With the much-anticipated Federal Trade Commission (FTC) spam conference days away, New York Senator Charles Schumer joined the fray Monday with a proposal that would set up a national “do-not-spam” registry under the FTC’s auspices.
Schumer’s proposed anti-spam legislation would require e-mail marketers to check the list before sending mass e-mails. To back up the efforts, Schumer wants Congress to spend $75 million for the FTC to run the registry on its Web site and enforce spam laws.
It would also require all commercial e-mail to include “ADV” in the subject line, and would make it illegal to use false headers and originating e-mail addresses.
The proposal joins the so-called CAN-SPAM Act, championed by Sens. Conrad Burns and Ron Wyden. Unlike CAN-SPAM, Schumer’s bill would create the registry, which some e-mail marketers have said would unfairly hurt their businesses.
However, unlike the CAN-SPAM Act, which has been introduced in the last two Congresses and last year passed the Senate Commerce Committee, Schumer’s legislation has no history in the legislature.
The Schumer proposal would require e-mail marketers to include a valid unsubscribe mechanism and would ban the use of automated e-mail address harvesters, which many spammers use to “scrape” fresh e-mail addresses from chatrooms, news groups and other Internet sources. Schumer calls for both criminal and civil penalties for violating the spam bill, including jail terms of up to two years. The legislation would give state attorneys general, the FTC, and Internet service providers more leeway in bringing claims against spammers.
“Legitimate companies have nothing to lose and everything to gain from this legislation,” said Schumer. “Right now people delete legitimate commercial e-mail that comes along with the spam — by eliminating the spam they will have the time to pay attention to the messages that were sent only to them.”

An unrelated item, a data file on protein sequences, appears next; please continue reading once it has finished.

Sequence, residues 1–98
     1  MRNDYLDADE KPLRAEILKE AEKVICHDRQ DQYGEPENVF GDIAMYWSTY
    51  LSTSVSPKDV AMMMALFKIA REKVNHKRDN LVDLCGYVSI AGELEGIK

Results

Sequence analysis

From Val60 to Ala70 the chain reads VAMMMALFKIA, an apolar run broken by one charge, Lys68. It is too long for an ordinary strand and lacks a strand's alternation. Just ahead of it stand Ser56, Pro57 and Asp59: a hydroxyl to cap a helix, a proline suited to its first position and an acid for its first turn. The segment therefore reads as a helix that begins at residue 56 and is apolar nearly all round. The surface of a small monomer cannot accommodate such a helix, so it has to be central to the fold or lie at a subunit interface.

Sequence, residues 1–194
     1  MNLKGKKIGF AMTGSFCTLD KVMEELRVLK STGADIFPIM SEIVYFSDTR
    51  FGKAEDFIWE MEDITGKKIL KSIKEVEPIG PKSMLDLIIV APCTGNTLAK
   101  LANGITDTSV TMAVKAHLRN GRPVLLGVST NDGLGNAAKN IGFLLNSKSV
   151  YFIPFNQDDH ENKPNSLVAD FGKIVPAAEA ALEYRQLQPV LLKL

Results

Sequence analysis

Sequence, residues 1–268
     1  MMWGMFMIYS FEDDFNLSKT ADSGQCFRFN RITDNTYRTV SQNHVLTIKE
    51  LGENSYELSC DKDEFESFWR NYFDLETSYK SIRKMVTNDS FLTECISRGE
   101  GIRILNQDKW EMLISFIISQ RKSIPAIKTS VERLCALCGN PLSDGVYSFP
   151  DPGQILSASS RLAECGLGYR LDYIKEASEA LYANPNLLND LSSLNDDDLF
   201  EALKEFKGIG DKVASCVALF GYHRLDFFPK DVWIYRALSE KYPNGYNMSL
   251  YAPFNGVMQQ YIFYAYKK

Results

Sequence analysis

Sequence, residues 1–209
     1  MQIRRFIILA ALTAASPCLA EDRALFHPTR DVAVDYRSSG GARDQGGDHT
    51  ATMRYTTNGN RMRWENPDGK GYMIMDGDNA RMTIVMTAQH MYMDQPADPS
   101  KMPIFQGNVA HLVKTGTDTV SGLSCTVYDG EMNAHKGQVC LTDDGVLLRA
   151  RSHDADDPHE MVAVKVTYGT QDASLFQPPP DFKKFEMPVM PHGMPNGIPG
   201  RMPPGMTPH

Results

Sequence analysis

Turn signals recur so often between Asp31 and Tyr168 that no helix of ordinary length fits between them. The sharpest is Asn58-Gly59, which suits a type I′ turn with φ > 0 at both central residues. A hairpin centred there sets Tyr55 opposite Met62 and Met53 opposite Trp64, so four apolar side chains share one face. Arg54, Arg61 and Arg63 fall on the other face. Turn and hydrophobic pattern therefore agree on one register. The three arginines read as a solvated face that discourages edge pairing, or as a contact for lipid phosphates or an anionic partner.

Schumer backed up the announcement with a study that estimates New York City residents alone receive over 8 million junk e-mails a day and spend 4.2 million hours a year deleting them, representing a huge drain on productivity for businesses and innumerable headaches for besieged consumers.
While it is unclear whether Schumer’s efforts or the CAN-SPAM Act will gain the most momentum, the ground has certainly shifted in the debate over whether legal solutions could help the spam epidemic. In October, the Direct Marketing Association (DMA) dropped its long-standing opposition to spam legislation; later, the Network Advertising Initiative’s e-mail service provider coalition also endorsed a federal spam law.
As added momentum, the largest ISPs have identified spam as a major threat to their businesses. Today, MSN, Yahoo! and AOL, usually bitter rivals, announced they would band together to fight spam.
The debate has shifted to what kind of law would help fight spam the most while hurting legitimate e-mail marketers the least. Later this week, at the FTC’s spam forum, federal legislation will be a major topic for debate.
Already, 26 states have passed some kind of law against spam, with some limited success in targeting spammers.